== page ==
Chapter 63
Photodynamic Therapy
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While the technique of photodynamic therapy (PDT) was recently approved for treatment of specific types of exudative maculopathy, it is not a new concept. In the 1970s, the investigational use of PDT to treat systemic malignancies in animal models was reported.1 The mechanism of PDT tumor destruction occurs as a result of vascular occlusion, stasis, and hemorrhage, as well as direct tumor cell death.2 The vaso-occlusive effect of PDT led to its investigation in animal models as a potential therapy for various types of ocular neovascularization and tumors.3, 4 The ability to visualize ocular structures and to apply directed light to a targeted area using a contact lens makes the eye an ideal site for the modality of PDT.

The U.S. Food and Drug Administration (FDA) approved PDT in the year 2000 for treatment of subfoveal choroidal neovascularization (CNV) with specific features in age-related macular degeneration (AMD), and it was subsequently approved for myopia and ocular histoplasmosis syndrome. Its efficacy to treat other vascular disorders and tumors of the eye is currently being investigated.

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PDT involves two steps: the administration of a photosensitizing agent that localizes in the target tissue, followed by the application of low-intensity light to the target tissue to produce localized tissue damage. The photosensitizer may be administered by various methods, including topical, local, or systemically. For example, photosensitizers are often given topically for dermatologic disorders.5, 6 In ophthalmology, these agents are typically administered intravenously to reach the retinal or choroidal circulation, although liposomal release and other experimental methods of administration have been considered. The photosensitizing agent must be delivered and preferentially concentrated in the target tissue compared to normal adjacent tissue in order to have a specific treatment effect. It has been demonstrated that certain photosensitizers have an affinity for neovascular tissue and tumor cells.7 After the drug has reached the desired tissue, low-energy light, which is supplied by a laser source and is within the absorption band of the photosensitizer, is applied directly to the area of interest. The interaction of the photosensitizer with light of a specific wavelength induces a photochemical reaction that liberates by-products that are toxic to the target tissue. Neither the drug nor the light alone (at the irradiance in the range used to PDT) appears to have any significant biological effect.8 It is the combination of these factors, utilizing light of a specific wavelength to activate the photosensitizer drug, which creates the photochemical reaction. Sequestering of the photosensitizing agent in the target tissue and direct application of low-energy, focused light by a contact lens to activate the photosensitizer within the lesion are the main features that limit induced damage to the surrounding tissue.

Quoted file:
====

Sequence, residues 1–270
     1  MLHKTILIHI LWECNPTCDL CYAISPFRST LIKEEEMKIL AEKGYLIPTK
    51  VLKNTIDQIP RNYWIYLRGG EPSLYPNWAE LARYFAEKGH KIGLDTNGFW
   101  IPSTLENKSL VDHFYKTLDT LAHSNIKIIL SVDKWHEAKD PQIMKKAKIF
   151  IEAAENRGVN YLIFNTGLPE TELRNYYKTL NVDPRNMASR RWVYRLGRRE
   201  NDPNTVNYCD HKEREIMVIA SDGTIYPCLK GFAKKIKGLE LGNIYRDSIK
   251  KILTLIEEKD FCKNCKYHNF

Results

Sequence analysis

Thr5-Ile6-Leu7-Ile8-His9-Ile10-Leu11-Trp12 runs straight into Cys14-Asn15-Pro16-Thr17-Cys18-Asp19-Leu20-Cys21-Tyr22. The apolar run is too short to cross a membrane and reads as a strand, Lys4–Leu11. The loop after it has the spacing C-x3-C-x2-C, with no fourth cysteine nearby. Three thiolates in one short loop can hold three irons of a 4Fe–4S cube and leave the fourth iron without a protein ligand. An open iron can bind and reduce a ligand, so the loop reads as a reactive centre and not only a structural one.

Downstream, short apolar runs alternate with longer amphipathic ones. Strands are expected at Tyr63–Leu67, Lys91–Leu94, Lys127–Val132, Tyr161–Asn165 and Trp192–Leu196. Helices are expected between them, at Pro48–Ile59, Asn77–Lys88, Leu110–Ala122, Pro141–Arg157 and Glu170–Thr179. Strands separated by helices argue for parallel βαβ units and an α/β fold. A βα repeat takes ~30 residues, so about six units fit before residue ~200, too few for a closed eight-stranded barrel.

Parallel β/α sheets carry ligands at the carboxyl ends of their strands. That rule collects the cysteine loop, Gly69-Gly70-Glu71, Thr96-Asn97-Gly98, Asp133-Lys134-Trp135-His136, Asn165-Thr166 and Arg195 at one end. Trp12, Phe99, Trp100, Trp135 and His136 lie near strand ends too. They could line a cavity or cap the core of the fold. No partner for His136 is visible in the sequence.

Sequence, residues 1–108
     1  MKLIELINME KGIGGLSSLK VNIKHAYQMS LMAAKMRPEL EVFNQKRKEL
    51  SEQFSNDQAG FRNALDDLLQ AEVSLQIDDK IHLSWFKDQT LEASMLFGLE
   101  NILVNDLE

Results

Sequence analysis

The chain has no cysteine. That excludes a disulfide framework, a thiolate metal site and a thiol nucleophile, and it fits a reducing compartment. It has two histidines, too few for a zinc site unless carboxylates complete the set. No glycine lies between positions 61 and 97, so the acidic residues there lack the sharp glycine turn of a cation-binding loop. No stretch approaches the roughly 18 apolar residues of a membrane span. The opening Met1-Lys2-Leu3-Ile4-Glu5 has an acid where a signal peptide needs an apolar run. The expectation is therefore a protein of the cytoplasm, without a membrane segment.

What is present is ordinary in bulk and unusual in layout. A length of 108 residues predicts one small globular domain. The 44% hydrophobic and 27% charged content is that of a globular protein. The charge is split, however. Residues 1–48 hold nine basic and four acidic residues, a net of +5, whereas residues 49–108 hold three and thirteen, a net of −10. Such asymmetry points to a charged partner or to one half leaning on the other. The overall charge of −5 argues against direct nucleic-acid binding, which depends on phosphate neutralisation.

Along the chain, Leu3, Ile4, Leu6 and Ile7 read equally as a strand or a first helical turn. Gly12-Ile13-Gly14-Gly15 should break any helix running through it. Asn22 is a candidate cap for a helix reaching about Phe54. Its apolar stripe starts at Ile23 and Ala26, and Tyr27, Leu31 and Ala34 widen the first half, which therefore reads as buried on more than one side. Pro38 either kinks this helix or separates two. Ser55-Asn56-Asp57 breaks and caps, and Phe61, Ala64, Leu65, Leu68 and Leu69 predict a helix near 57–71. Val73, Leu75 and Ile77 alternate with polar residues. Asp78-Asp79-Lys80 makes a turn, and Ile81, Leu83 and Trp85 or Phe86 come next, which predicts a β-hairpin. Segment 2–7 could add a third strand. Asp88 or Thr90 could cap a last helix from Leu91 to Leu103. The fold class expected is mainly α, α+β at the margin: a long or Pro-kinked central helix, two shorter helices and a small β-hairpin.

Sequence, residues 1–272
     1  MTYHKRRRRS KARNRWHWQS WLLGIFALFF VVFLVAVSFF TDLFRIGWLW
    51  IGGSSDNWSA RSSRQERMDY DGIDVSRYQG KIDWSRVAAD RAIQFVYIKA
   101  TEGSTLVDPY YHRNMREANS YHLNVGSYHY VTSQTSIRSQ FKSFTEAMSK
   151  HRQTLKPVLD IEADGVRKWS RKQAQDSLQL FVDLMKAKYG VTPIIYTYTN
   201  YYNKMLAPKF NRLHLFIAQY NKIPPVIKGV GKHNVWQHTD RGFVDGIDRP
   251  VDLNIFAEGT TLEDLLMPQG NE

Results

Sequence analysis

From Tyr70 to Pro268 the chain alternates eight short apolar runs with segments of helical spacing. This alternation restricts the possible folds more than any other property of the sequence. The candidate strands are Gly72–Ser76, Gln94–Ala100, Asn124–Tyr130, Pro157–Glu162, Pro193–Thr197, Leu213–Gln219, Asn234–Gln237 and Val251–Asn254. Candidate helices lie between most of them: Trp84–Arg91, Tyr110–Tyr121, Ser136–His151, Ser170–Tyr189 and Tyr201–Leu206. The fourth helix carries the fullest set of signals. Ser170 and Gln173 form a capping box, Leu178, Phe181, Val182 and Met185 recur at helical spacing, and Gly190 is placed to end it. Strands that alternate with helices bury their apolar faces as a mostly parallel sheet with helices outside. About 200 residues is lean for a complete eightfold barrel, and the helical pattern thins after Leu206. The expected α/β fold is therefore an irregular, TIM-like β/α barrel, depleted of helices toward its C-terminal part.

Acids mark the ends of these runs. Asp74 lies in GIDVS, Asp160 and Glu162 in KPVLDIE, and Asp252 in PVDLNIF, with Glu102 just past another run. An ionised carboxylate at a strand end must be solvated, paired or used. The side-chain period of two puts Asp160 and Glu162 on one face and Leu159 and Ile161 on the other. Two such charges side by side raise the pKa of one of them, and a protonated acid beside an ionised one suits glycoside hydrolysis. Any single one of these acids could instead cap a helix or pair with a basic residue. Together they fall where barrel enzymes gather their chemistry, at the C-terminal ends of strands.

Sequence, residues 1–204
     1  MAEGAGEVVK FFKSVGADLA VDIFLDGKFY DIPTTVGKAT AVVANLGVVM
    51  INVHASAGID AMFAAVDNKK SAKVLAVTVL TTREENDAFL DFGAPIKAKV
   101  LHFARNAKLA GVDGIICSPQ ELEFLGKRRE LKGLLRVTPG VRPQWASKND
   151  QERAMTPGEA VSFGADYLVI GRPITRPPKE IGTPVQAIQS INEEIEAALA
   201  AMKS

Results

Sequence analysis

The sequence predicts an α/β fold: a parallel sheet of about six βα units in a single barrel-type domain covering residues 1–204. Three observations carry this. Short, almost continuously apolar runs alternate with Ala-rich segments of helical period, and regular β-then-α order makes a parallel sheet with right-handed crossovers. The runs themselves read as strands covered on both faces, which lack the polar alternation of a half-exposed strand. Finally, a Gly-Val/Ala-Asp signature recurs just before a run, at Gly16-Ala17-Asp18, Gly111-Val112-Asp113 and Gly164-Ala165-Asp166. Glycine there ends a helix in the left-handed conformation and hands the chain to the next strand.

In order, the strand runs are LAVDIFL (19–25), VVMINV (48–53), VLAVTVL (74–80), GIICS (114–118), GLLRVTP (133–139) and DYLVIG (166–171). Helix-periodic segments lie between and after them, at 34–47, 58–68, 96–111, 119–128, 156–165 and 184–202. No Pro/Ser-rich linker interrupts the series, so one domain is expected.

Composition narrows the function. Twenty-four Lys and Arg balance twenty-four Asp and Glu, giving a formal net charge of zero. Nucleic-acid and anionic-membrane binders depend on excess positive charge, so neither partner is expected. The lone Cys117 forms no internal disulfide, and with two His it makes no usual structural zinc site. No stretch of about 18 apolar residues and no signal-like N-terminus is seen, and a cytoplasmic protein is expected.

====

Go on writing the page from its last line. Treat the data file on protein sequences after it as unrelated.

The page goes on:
The mechanism of PDT action resides in the photosensitized oxidation of biological matter. When the photosensitizing agent is activated by the delivered light energy, the agent is transformed from its ground state to a higher energy singlet activated molecule. For the more efficient photosensitizers, the higher energy state decays into a lower energy, more stable molecule referred to as a triplet sensitizer. This triplet sensitizer can undergo either a Type I or Type II reaction. The Type I reaction generates superoxide anions, whereas Type II reactions result in production of singlet oxygen.9 These by-products are believed to be responsible for the localized tissue damage produced by PDT. In vivo studies after PDT show the immediate onset of vascular stasis and hemorrhage.2 These observations, along with work done on PDT for systemic tumors, provided a framework for initial studies of PDT for ocular tumors and neovascularization.8,10–14

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PDT with commercially available verteporfin (Visudyne) of CNV in AMD produces choroidal hypofluorescence on fluorescein angiography within a few days following treatment.15–17 This corresponds to the vascular occlusion noted in animal studies.3,4 The fluorescein hypofluorescence is a result of transient, choroidal hypoperfusion, which has been demonstrated by indocyanine green (ICG) angiography.16,18 This hypoperfusion of the underlying choroidal vasculature is most pronounced within the first week after PDT. The vascular occlusive effect of PDT is not permanent, and reperfusion of the choroidal vessels typically recurs between 4 and 12 weeks after PDT.16 By 12 weeks after PDT, approximately two thirds of CNV lesions had recurred in one series.15 In another series at 12 weeks following verteporfin-PDT, the recurrence of hyperfluorescence in CNV approached the fluorescein hyperfluorescence seen before any PDT therapy in 90% of eyes.19 This recurrent leakage of CNV after PDT occurred at both the very low and high-energy light treatment doses in the early phase I and II verteporfin studies. This led to the concept of repeating PDT treatments to reinduce or maintain occlusion within CNV.